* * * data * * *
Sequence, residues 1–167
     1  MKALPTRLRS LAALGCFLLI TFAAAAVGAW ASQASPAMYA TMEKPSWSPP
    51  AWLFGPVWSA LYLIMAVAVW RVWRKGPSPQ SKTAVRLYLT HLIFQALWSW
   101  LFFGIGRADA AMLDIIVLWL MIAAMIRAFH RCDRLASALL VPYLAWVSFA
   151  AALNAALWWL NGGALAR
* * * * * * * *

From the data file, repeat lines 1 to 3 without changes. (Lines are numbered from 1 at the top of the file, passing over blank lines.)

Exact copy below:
Sequence, residues 1–167
     1  MKALPTRLRS LAALGCFLLI TFAAAAVGAW ASQASPAMYA TMEKPSWSPP
    51  AWLFGPVWSA LYLIMAVAVW RVWRKGPSPQ SKTAVRLYLT HLIFQALWSW